Floating Charges: Reassurance for Lenders

A recent Court of Appeal case has reassured lenders that floating charges will be valid regardless of whether or not the chargor has any assets to which the charge can attach at the time of creation, according to a corporate lawyer. “It is common for institutional lenders to take a debenture creating a so-called “floating charge” over all assets of a company, such as stock, which are not subject to fixed charges. The chargor is entitled to dispose of such assets until the security becomes enforceable and is said to crystallise, at which point the charge converts to a fixed charge. A recent case has clarified that such a charge will constitute valid security even if there are no unencumbered assets over which security can be granted.”

Mr Round continues, “the case of Saw (SW) 2010 Limited & another v Wilson & others concerned the grant of a debenture by a borrower which had already granted a floating charge over all of its assets to Capital Home Loans Limited. The consent of CHLL had not been sought for the subsequent security, and the grant of the second debenture therefore triggered an automatic crystallisation of CHLL’s floating charge over all of the borrower’s assets. When the second lender sought to appoint administrators, it was argued that the crystallisation of the first charge meant that all of the borrower’s assets became subject to a fixed charge in favour of CHLL and there were therefore no assets to which the second charge could attach. It was further argued that as the assets over which the second charge was purported to be granted were subject to prior security, the second charge was unenforceable because there were no assets over which to enforce the security.”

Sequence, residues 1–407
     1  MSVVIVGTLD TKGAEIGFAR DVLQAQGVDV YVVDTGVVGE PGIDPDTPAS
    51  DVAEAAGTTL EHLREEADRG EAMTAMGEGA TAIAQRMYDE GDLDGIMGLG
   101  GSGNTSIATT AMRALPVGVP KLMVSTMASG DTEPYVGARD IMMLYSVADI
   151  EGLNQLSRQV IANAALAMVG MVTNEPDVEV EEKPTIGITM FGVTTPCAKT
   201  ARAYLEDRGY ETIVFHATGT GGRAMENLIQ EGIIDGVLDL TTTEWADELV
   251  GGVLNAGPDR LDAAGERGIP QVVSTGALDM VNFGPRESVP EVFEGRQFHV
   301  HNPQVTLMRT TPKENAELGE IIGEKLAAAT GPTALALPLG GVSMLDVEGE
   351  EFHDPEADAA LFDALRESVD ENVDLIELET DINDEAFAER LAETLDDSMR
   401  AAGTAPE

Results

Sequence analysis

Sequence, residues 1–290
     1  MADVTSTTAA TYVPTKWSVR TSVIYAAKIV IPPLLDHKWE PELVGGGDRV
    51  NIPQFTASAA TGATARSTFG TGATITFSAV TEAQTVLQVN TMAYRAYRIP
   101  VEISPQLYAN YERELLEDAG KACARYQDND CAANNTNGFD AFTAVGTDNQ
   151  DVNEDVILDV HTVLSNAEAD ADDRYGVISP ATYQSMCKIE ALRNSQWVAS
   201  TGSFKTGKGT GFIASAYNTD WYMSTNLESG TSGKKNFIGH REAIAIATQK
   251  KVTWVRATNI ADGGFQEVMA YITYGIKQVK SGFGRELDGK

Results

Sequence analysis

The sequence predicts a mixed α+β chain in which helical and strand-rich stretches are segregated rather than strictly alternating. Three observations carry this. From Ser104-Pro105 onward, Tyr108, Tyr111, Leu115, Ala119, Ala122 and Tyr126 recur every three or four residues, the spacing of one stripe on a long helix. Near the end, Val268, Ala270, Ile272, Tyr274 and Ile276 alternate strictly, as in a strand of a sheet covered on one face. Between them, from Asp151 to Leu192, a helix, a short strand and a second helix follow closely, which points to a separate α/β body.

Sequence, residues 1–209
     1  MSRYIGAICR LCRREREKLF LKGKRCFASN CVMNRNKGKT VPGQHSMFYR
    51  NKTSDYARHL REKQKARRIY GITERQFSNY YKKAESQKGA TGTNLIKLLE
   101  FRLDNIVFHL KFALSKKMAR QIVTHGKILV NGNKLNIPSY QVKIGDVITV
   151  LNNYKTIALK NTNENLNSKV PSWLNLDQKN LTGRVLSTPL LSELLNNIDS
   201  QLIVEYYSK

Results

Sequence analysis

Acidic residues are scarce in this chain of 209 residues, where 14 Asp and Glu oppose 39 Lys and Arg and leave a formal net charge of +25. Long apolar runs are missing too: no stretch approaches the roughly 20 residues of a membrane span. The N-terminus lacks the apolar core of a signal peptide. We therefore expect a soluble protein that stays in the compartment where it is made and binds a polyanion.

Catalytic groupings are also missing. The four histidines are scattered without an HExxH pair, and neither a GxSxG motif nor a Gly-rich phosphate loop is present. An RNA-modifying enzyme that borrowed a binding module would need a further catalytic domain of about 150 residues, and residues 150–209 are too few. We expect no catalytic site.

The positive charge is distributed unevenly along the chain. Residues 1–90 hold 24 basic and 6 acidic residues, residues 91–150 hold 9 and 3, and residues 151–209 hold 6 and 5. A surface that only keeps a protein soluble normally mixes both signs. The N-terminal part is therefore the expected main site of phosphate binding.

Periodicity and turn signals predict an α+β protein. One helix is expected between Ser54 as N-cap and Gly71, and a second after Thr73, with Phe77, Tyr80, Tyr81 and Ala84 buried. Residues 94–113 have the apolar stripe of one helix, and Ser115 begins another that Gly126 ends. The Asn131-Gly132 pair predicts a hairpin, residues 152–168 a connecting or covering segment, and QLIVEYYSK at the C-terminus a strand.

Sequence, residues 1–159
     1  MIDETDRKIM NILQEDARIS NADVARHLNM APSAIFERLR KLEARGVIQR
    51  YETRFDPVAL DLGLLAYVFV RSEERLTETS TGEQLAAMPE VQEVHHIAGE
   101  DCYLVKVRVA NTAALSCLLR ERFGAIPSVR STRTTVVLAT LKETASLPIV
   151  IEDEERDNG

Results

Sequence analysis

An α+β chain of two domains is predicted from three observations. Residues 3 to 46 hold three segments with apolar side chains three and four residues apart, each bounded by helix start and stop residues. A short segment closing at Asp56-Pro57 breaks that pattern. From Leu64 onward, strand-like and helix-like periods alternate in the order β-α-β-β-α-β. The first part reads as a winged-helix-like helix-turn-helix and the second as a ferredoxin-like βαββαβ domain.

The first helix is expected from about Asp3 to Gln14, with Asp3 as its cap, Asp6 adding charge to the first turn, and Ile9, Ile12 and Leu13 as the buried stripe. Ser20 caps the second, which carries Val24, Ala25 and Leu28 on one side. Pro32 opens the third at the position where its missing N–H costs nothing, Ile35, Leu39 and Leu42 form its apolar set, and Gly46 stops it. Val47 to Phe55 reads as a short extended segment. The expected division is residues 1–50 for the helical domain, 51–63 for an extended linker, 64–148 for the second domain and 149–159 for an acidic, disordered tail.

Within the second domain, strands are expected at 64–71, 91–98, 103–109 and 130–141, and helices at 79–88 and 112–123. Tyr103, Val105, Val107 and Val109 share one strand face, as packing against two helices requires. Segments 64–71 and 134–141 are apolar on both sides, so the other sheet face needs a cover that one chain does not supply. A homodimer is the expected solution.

Mr Round explains that the Court of Appeal upheld the validity of the second charge. “It was held that the validity of a floating charge does not depend on the existence of uncharged assets of the chargor, but on the construction of the relevant instrument, and that floating charges will be enforceable if any conditions precedent to enforcement have been satisfied, regardless of whether the relevant assets are subject to existing security.”

Mr Round concludes, “the judgment will reassure lenders for whom a floating charge is usually a key element of their overall security package. It is important, however, to ensure that a debenture is carefully drafted given that the wording of the instrument will determine whether it constitutes a qualifying floating charge enabling the lender to appoint an administrator out of court.”